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Re: Question: Why did birds lose their teeth?



On Tue, Mar 11th, 2014 at 1:16 AM, Martin Baeker <martin.baeker@tu-bs.de> wrote:

> I once learned that losing teeth was a weight-saving measure and thus
> a flight adaptation. There is this reference stating this  as a possibility
> http://www.newscientist.com/article/dn18248-early-birds-may-have-dropped-teeth-to-get-
airborne.html#.Ux3HhdsjulM
> 
> However, I seem to remember that there was some study showing that
> birds actually do not lose signifcant weight by replacing teeth with
> beaks - if anybody has a reference on this, I'd be grateful.

There may not have been a single source of selective pressure for loss of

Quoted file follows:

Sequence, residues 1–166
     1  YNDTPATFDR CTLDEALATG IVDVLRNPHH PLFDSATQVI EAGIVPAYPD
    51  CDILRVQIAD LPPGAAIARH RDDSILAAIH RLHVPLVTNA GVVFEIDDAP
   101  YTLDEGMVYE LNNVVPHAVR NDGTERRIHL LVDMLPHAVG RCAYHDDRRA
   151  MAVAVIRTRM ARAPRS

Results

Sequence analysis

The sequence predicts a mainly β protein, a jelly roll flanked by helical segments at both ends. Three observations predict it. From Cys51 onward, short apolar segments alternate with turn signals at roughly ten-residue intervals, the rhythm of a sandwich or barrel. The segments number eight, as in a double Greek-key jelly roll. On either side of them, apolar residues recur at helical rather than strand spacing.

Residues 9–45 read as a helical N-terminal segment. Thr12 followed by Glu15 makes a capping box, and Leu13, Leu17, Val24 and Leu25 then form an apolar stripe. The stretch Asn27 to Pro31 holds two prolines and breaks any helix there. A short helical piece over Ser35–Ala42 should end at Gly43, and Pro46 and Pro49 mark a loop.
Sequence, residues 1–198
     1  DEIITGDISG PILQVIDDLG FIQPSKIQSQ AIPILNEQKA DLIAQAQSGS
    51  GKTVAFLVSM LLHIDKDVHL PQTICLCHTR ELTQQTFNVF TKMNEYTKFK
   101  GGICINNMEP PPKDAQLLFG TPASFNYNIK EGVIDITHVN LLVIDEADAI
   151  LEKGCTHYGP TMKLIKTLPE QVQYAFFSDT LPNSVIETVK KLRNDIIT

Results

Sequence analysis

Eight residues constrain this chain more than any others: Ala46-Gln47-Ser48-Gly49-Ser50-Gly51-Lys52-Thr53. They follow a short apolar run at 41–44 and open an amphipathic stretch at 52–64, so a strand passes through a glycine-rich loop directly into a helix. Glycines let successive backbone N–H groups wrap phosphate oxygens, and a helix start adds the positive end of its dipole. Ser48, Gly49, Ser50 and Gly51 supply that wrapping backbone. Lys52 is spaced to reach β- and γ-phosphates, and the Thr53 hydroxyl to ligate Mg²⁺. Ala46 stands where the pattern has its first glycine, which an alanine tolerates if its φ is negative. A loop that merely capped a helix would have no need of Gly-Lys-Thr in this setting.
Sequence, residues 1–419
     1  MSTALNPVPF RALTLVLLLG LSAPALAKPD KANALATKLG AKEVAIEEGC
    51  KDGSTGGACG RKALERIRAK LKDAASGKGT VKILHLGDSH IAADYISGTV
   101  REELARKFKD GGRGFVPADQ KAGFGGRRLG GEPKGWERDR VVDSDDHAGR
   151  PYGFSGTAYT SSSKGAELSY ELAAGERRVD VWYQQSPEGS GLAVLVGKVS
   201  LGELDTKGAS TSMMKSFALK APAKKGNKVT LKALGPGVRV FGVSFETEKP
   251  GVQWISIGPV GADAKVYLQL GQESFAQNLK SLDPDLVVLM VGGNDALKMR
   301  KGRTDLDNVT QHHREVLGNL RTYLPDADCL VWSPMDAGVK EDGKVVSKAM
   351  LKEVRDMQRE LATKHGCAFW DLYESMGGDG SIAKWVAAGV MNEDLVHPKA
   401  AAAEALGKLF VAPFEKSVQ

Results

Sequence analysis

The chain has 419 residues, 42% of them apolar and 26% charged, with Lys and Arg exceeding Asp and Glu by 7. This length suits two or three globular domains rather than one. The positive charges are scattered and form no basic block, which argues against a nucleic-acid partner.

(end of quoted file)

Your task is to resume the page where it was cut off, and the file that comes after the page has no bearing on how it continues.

teeth. A whole lot of 
separate minor advantages may well have added up.

Constantly shedding and replacing teeth might have been an expensive use of 
calcium, for 
instance, that could otherwise be used to stengthen bones against the rigours 
of flight, or for the 
production of hard-shelled eggs that were larger relative to body weight than 
those of non-volant 
theropods.

The weight of the teeth themselves may not have been the only weight-saving 
advantage either. 
The lack of teeth might have allowed the jaw bones to become more slender, 
making it possible to 
make do with a much more light-weight skull. The jaw bones of tooth-bearing 
creatures are 
generally the toughest bones in the body (which is why jaw bones are so common 
in the fossil 
record). In some modern birds, the mandibles are little more than whispy 
splints of bone once the 
beak has been removed.

-- 
_____________________________________________________________

Dann Pigdon
Spatial Data Analyst               Australian Dinosaurs
Melbourne, Australia               http://home.alphalink.com.au/~dannj
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